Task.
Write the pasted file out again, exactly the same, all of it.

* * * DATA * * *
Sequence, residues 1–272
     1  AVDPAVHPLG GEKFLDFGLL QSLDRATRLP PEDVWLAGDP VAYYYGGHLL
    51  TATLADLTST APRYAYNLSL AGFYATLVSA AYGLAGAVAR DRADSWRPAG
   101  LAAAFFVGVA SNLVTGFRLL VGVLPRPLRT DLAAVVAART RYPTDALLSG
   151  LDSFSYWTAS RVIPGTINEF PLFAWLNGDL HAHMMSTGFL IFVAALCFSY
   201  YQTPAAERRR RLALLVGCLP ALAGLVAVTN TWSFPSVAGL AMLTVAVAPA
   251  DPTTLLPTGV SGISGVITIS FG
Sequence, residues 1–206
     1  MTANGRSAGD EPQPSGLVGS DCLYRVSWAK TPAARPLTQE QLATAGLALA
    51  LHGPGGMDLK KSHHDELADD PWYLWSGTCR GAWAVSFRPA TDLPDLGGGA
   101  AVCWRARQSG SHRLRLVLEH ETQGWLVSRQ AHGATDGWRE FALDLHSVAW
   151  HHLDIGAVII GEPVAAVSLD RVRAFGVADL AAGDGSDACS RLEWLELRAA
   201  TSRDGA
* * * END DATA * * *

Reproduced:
Sequence, residues 1–272
     1  AVDPAVHPLG GEKFLDFGLL QSLDRATRLP PEDVWLAGDP VAYYYGGHLL
    51  TATLADLTST APRYAYNLSL AGFYATLVSA AYGLAGAVAR DRADSWRPAG
   101  LAAAFFVGVA SNLVTGFRLL VGVLPRPLRT DLAAVVAART RYPTDALLSG
   151  LDSFSYWTAS RVIPGTINEF PLFAWLNGDL HAHMMSTGFL IFVAALCFSY
   201  YQTPAAERRR RLALLVGCLP ALAGLVAVTN TWSFPSVAGL AMLTVAVAPA
   251  DPTTLLPTGV SGISGVITIS FG
Sequence, residues 1–206
     1  MTANGRSAGD EPQPSGLVGS DCLYRVSWAK TPAARPLTQE QLATAGLALA
    51  LHGPGGMDLK KSHHDELADD PWYLWSGTCR GAWAVSFRPA TDLPDLGGGA
   101  AVCWRARQSG SHRLRLVLEH ETQGWLVSRQ AHGATDGWRE FALDLHSVAW
   151  HHLDIGAVII GEPVAAVSLD RVRAFGVADL AAGDGSDACS RLEWLELRAA
   201  TSRDGA